Another Ten Commandments monument erected in Connellsville
The Thou Shall Not Move organization is hoping it is making a difference.
On Sunday, it hosted another ceremony at the Central Fellowship Church in Connellsville and revealed another Ten Commandments monument.
The Rev. Ewing Marietta, one of the founders of the organization, said about 5,100 yard signs of the Ten Commandments have been sold to date. The group has raised more than $22,000 for the purpose of erecting stone monuments of the Ten Commandments at area churches and other properties throughout the area.
The efforts of the Thou Shall Not Move group began after the Connellsville Area School District was threatened to be sued if it did not remove the Ten Commandments monument located on the grounds of the junior high school.
The group formed to raise funds for any legal costs that might be incurred by the district if a legal battle ensued.
At this point, the group has about $5,000 for that purpose, but the district has not yet asked for any money.
The case is in the courts.
The second purpose of the group was to raise funds to erect as many Ten Commandments monuments in the area as it could.
Sunday's dedication erected a monument just off of Water Street in Connellsville on church property.
The Rev. Alfred Thompson with both Payne and St. Paul AME churches in Connellsville and Uniontown, said it's important that they pass the baton to the next generation.
“We need to encourage the parents, that this needs to go on and on,” he said.
Ray Keefer, pastor of Central Fellowship, said his prayer is “that every person that walks by, every car that drives by and every train that passes — the Word of God would touch the hearts of people and melt them until they come into a personal relationship with God.”
Fayette County Commissioner Angela Zimmerlink said the Founding Fathers believed in God, the Bible and prayer and they used those as the guiding light to form our government.
Connellsville Mayor Charles Matthews said city council is dedicated to the cause and it believes God has a place in government.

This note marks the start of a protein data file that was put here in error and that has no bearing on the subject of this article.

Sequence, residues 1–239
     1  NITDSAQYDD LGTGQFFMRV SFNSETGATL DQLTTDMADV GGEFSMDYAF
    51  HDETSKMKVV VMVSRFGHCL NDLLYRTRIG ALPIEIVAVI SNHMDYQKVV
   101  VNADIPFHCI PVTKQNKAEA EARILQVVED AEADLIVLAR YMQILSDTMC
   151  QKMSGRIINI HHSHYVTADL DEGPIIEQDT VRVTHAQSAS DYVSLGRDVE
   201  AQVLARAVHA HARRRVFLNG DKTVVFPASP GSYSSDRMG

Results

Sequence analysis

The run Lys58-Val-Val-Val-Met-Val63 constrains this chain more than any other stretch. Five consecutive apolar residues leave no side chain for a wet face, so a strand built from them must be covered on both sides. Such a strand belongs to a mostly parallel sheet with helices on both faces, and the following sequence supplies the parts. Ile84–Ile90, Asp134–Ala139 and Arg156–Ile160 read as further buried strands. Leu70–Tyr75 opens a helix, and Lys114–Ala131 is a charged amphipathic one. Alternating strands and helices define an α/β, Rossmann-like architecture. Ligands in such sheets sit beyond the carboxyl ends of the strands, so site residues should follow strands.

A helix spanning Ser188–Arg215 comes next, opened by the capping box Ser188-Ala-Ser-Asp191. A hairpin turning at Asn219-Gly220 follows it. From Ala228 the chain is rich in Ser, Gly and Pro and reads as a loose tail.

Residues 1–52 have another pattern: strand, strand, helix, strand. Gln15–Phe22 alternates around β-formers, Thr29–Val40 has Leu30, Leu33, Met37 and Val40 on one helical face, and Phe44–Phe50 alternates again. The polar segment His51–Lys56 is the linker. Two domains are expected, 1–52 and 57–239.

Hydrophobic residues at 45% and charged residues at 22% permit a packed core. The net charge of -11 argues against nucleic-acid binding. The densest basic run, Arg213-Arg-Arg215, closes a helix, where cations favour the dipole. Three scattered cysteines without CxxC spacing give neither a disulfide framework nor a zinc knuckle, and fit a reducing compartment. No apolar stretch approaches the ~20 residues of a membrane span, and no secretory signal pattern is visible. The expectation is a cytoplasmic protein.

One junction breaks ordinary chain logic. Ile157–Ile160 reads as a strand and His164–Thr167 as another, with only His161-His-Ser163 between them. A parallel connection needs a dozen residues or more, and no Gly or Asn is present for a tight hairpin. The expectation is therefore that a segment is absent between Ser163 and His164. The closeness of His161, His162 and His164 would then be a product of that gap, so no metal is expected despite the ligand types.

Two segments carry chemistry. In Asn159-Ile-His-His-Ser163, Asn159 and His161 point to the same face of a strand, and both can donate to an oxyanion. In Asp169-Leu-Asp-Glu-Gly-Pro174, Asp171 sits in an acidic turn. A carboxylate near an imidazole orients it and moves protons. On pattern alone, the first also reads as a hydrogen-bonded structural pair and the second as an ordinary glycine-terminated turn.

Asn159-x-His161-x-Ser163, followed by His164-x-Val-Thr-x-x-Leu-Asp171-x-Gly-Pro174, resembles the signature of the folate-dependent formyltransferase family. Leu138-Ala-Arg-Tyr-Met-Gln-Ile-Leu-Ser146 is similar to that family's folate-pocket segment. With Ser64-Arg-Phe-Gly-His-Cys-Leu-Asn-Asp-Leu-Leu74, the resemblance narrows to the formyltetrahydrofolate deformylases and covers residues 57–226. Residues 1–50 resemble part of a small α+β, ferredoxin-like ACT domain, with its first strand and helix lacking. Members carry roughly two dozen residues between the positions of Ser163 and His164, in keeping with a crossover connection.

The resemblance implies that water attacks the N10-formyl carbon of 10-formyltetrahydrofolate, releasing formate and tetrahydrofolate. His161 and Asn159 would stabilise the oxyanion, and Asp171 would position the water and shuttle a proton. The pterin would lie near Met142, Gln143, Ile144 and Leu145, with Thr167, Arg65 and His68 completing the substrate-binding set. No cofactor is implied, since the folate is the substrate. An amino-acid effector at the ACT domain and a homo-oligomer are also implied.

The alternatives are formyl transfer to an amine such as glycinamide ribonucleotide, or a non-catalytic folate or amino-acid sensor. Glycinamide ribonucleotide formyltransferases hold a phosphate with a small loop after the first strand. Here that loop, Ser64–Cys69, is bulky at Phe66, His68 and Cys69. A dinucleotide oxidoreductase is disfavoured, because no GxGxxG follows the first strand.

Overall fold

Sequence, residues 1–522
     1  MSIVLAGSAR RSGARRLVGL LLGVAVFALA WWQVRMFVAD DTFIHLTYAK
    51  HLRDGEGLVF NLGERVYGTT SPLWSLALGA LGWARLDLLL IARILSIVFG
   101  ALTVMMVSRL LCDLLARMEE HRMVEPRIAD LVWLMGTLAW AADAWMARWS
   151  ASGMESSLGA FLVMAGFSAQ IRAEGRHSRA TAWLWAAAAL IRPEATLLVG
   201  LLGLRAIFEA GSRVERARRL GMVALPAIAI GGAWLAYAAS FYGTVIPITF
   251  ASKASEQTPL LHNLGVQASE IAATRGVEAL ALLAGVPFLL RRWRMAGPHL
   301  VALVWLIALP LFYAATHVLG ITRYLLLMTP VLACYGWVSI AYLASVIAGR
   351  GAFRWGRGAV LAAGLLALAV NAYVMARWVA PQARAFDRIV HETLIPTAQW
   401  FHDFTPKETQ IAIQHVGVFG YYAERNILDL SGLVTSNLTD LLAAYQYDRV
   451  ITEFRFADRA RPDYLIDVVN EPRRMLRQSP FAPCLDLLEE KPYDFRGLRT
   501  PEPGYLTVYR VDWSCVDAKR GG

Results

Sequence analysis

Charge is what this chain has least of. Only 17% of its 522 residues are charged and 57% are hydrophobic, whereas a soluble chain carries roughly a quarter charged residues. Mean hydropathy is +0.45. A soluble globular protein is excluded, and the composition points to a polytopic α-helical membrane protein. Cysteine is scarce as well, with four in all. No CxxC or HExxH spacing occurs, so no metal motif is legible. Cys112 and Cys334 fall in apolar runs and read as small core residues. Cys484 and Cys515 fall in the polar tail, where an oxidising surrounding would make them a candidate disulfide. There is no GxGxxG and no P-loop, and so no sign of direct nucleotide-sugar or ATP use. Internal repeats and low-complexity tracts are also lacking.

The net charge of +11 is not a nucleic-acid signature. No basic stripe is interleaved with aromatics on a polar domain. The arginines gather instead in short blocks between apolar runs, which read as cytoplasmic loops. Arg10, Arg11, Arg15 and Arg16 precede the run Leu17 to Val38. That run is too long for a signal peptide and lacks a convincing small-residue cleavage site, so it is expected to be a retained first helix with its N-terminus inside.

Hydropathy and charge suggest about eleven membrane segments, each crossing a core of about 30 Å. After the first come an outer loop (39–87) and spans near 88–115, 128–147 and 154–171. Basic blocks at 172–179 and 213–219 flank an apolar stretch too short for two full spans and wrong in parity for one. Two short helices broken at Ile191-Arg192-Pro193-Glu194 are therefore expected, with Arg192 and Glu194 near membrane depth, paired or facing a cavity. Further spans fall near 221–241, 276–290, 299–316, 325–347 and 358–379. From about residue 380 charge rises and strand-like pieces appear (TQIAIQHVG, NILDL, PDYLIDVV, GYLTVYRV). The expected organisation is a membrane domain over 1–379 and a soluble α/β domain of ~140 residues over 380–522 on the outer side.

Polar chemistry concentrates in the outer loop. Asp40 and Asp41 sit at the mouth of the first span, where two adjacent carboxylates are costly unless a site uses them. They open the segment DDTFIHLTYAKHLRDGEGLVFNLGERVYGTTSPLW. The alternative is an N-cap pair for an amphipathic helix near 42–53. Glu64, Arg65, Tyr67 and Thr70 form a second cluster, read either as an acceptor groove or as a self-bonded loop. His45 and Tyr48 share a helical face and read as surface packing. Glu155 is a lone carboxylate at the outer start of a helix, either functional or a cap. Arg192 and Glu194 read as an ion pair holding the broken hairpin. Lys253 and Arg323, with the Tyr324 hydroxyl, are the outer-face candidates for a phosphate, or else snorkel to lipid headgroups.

“I'm hoping the people responsible for this fight realize that we have taken a bad and made a good out of it,” he said, adding that there are hundreds and thousands of signs up throughout the city on private property where the government can't interfere.
“I think this whole thing is actually turning out to be a good thing,” Matthews added.
Mike Brown, evangelist with Liberty Baptist Church in Uniontown, said Americans have allowed themselves to forget God.
“We need to stand up for God and for what is right,” he said.
Gary Colatch, a businessman involved with the Thou Shall Not Move organization, said people need to come together and fight for what they believe in.
“Don't stop fighting,” he said. “Keep doing what you're doing. You're going to make a difference and show everyone what makes this country great — the people.”
Individuals who would like to donate money to either the legal fund or the monument fund can send donations to “Ten Commandments,” P.O. Box 410, Connellsville, PA 15425.
Rachel Basinger is a contributing writer.
Show commenting policy
TribLive commenting policy
You are solely responsible for your comments and by using TribLive.com you agree to our Terms of Service.
We moderate comments. Our goal is to provide substantive commentary for a general readership. By screening submissions, we provide a space where readers can share intelligent and informed commentary that enhances the quality of our news and information.
While most comments will be posted if they are on-topic and not abusive, moderating decisions are subjective. We will make them as carefully and consistently as we can. Because of the volume of reader comments, we cannot review individual moderation decisions with readers.
We value thoughtful comments representing a range of views that make their point quickly and politely. We make an effort to protect discussions from repeated comments either by the same reader or different readers.
We follow the same standards for taste as the daily newspaper. A few things we won't tolerate: personal attacks, obscenity, vulgarity, profanity (including expletives and letters followed by dashes), commercial promotion, impersonations, incoherence, proselytizing and SHOUTING. Don't include URLs to Web sites.
We do not edit comments. They are either approved or deleted. We reserve the right to edit a comment that is quoted or excerpted in an article. In this case, we may fix spelling and punctuation.
We welcome strong opinions and criticism of our work, but we don't want comments to become bogged down with discussions of our policies and we will moderate accordingly.
We appreciate it when readers and people quoted in articles or blog posts point out errors of fact or emphasis and will investigate all assertions. But these suggestions should be sent via e-mail. To avoid distracting other readers, we won't publish comments that suggest a correction. Instead, corrections will be made in a blog post or in an article.
- Uniontown man charged with raping 2 girls
- Uniontown programs get $900K
- No tax increase for Everson next year
- Normalville church performs Christmas play
- Fallen Perryopolis police officer chased his dream
- Perryopolis police officer dies in Route 51 crash
- Chief: Perryopolis police officer’s death highlights dangers of job
- Stanley Cup coming to Ice Mine in Dunbar Township
- Fayette inmate represents self at hearing
- Connellsville man ready to cash in on discovery coin
- Fayette County judge refuses to dismiss dragging case against Hiller man